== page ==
The Bengals had a rite of succession for 2023 Friday as Jake Browning next-manned-up Joe Burrow and became the quarterback to steer the Bengals into the Wild Card scramble.
After Burrow briefed the media on his season-ending torn ligament in his throwing wrist and Browning conducted his last locker interview before ascending to Burrow's podium next week, public relations mavens Emily Parker and P.J. Combs walked Browning through his weekly media responsibilities.
Browning, who won a Pac 12-record 39 games at the University of Washington before turning pro, has been around. He nodded and just wanted Parker and Combs to know that he's a creature of routine.
They had to love that part where his routine doesn't involve countering narratives saying the Bengals are done without Burow. At 5-5 and three of the seven remaining games against AFC North teams, a run gets them in. The Bengals are locked up with the 5-5 Colts, Raiders, and Bills behind the seven playoff teams.
"Not really my job," Browning said. "My job is to keep trying to get better, focus on the day-to-day, week-to week, and game-to-game. It sounds kind of repetitive, but there's a lot of different ways your mind can go. If you take everything and just narrow it down to, 'hey, here's what I really need to focus on, here's what actually matters.' And everything else kind of falls into place."
Browning needed routine during his first two years here as a practice squad quarterback on a team with an elite quarterback.
"I feel good here. I've taken the last couple years of learning an offense that's pretty quarterback friendly. And being around Joe, seeing how he operates," Browning said. "And then just really there's not a lot in practice or with coaches where they're focused on my development, so that's been my job to make sure I'm still focused on the job of getting better at football and being unsupervised at that. So that's kind of where the routine comes in weekly."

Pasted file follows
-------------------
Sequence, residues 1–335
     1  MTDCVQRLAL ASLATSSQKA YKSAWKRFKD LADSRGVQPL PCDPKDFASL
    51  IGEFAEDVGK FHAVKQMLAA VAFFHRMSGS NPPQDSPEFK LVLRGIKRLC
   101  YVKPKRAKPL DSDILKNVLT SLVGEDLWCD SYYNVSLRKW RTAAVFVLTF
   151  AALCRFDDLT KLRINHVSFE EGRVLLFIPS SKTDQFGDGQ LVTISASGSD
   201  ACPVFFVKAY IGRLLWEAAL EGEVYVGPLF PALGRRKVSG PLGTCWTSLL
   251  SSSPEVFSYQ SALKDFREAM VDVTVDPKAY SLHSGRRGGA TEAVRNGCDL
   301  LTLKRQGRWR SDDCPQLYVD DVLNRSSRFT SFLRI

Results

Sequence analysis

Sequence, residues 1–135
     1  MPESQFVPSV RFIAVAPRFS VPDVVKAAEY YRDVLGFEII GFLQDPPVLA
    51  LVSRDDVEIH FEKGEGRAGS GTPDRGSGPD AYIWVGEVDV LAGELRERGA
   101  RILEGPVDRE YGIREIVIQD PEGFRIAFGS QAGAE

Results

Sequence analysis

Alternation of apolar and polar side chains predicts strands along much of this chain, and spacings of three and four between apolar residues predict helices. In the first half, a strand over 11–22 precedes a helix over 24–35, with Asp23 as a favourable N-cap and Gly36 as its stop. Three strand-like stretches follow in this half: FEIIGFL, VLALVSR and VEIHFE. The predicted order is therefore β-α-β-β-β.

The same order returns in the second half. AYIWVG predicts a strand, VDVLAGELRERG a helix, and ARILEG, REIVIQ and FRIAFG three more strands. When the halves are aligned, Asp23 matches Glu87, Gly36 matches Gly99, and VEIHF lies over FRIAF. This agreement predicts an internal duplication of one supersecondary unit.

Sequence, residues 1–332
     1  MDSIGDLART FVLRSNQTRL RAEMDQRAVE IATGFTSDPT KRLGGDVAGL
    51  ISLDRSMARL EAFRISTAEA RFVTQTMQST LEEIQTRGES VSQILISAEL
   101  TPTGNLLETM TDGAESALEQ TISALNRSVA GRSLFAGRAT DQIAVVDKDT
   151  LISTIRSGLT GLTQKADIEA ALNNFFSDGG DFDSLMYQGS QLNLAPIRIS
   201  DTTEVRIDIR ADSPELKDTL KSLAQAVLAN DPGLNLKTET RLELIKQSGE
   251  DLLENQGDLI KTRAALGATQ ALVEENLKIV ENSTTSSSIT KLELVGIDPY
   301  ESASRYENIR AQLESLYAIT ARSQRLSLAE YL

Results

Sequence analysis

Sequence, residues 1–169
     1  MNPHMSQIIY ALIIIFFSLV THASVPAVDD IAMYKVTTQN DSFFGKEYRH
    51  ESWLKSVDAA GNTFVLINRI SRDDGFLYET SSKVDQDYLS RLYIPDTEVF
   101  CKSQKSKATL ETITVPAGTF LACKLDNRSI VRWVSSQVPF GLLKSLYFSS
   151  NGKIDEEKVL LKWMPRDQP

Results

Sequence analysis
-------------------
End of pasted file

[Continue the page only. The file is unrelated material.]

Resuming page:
Burrow says he's a lot like Browning and why they've become good friends since Browning signed to the practice squad the week before the 2021 opener. Burrow is a routine freak, too.
Some routines he doesn't like. As Burrow left the locker room Friday, some media members paid their respects, knowing he probably won't do an interview here until 2024.
"See you in April," one said, and Burrow laughed and said, "See you in April."
"He's very even-keeled. No moment is too big for him," Burrow said. "He went in on Thursday Night Football, on a short week, without having practiced and played well. He's a guy that's going to continue to get better and no moment is too big for him."
But there's not many, if any, made like Burrow, the charismatic and prolific face of the franchise who has been through so much and done so much. Bengals head coach Zac Taylor has watched an appendectomy and a calf strain swallow two training camps. He's seen a torn ACL and now the wrist injury rob him of 15 games.
For the second time in his four seasons, Burrow is on injured reserve when he celebrates a birthday. He turns 27 when Browning plays the Colts on Dec. 10 at Paycor Stadium. Taylor and Burrow were asked Friday if they're concerned about the toll on his body and being.
They're not even thinking about that, because, well, he's Joseph Lee Burrow.
"I think if he was a normal human being, you'd worry about it. He's not. He's wired differently. He's programmed differently," Taylor said. "We are fortunate to have him. That's why he has achieved all the things in his lifetime that he has. He's just built a little bit different to be able to overcome setbacks and challenges and plays with a chip on his shoulder, all the things you can say about a guy like that. That's why I've got confidence he'll respond from this the right way at the right time. That's just part of how Joe is built."
He's built stout compartments. The knee isn't related to the calf isn't related to the wrist.
"I'm just going to treat it like anything else," Burrow said. "You analyze the situation. You go through the process of what it's going to take to get back and you go and do it. That's all you can do."